On the Fly: The Blackwater River

Photo Credit: Submitted

On the Fly: The Blackwater River

👤Brian Smith 🕔Jul 31, 2015

The Blackwater, or West Road River, is not only one of our Canadian heritage rivers, but is also a world-class trout fishery. It also has a connection to Alexander Mackenzie, the first European explorer to enter the Interior Plateau of present-day British Columbia and the first European to discover a route to the Pacific Ocean. In 1793, aided by Carrier First Nations guides, Mackenzie travelled the “Grease Trail,” a 400-km trading route, from the Blackwater River’s mouth at the Fraser River overland to its terminus at present-day Bella Coola. The Alexander Mackenzie Heritage Trail still exists today, and though you should be fit and hardy to attempt it, Mackenzie’s epic journey can still be made.

The Blackwater River can be accessed from two directions: west from Quesnel via the Nazko or Blackwater Roads, and south from Prince George via the Blackwater Road. There are several Forest Service campsites on the river: at the Blackwater Crossing Rec Site south of Prince George; at the West Road River Rec Site on the Nazko Road at Nazko Bridge; and finally at the Batnuni Bridge location on Batnuni Road. There are fly-in lodges situated on remote lakes in the upper reaches of the Blackwater, but for the most part this is a wilderness river that receives little fishing pressure because the access roads do not follow the river.

If you enjoy exploring and have a short wheel-base vehicle you don’t mind getting wet, muddy or dinged a little, there are horse trails and fire access roads along the river that will lead you into some lonely and remote trout-fishing locations on the river. Pick up a Backroads Mapbook—Chilcotin and you’ll see many of these trails leading to the upper Blackwater country that is laden with fishing that begs to be discovered.      

If you like to drift rivers, the Blackwater provides several opportunities that are best challenged by experienced persons with pontoon boats or inflatable rafts: from Nazko Bridge to Gillies Crossing (14 km); Gillies Crossing to Batnuni Bridge (6 km); and from Batnuni Bridge to the Blackwater Crossing (20 km). The river system is Class 1 to Class 4 water, the last two drifts having some short canyon sections that usually require portages. I recommend hiring a guide or at the very least scout ahead and float with a buddy—rivers can change dramatically with each season.

Blackwater trout are not wary or leader-shy and love dry flies—the bushier the better: stimulators, orange and yellow; caddis flies tan, yellow and insect green; and mayflies, like the Adams in grey and tan shades. Nymph-fishing with stonefly or mayfly nymphs is always excellent, but I prefer the floating flies as the river is also chock-full of Rocky Mountain Whitefish and the odd sucker and I prefer to catch trout—although whitefish rising to dry flies is considered fair game. You might also run into the odd bull trout of 4-5 kilograms, so do streamer-fish the deep holes on the river.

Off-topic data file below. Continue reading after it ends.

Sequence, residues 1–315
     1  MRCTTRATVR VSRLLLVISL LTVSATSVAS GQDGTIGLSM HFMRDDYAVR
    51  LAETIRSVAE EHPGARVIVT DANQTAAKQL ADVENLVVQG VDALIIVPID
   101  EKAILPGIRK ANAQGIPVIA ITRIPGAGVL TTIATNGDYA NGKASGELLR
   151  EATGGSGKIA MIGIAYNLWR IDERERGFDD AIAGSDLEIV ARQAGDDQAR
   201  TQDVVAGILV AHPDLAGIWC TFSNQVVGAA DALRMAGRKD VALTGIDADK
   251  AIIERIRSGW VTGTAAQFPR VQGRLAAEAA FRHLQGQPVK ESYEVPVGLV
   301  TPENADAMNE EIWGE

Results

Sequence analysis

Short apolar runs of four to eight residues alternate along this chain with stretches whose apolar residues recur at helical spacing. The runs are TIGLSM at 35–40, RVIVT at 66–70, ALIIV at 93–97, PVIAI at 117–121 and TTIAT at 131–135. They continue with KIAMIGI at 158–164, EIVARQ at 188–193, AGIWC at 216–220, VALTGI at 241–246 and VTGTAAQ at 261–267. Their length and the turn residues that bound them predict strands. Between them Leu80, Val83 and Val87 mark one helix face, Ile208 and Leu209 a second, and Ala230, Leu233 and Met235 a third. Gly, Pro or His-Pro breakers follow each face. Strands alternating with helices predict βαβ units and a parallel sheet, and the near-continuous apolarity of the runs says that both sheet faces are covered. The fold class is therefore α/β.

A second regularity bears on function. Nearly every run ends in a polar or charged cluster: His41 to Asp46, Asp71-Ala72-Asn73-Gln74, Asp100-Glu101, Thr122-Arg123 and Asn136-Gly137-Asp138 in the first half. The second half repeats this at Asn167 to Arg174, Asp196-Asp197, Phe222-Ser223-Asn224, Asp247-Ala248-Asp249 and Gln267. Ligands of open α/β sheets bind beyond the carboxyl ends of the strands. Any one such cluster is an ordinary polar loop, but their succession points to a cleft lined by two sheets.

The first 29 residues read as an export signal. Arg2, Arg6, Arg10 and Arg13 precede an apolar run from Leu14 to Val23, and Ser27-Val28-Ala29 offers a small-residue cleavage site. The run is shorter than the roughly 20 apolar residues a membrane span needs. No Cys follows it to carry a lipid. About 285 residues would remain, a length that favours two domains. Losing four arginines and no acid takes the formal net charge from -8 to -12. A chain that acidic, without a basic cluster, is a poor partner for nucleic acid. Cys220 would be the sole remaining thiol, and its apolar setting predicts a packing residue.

The Blackwater system is Classified Water, requiring a CW license. It opens to fishing June 14th, is fly-fishing only, restricted to electric motors, and has a 1-fish limit. Enjoy the river—it’s special and will always be that way.  


Hi There, I really enjoy the Northword magazine. Thanks for your hard work. I just came across this article, and am wondering if since 2015 when the article was published, if Northword has become a bit more sensitive to the use of colonialist language such as “discovered” that appears in the first paragraph. The narrative that Canada was an untouched and wild wilderness prior to the arrival of Europeans is false; the first people here were Indigenous groups and they traveled extensively for many reasons for thousands of years prior to the arrival of the European newcomers. The rest of the article is fine, but I think the first paragraph could have been revised to present a more honest perspective of the time period when Alexander Mackenzie was traveling in BC.

I have the BRMB (Backroad Mapbooks) and it says that there are Northern Pike in the river and I couldn’t find anything about them online so I was wondering if there really are Pike in the river. I also really enjoy the Northword Magazine. Thank your for taking the time to write it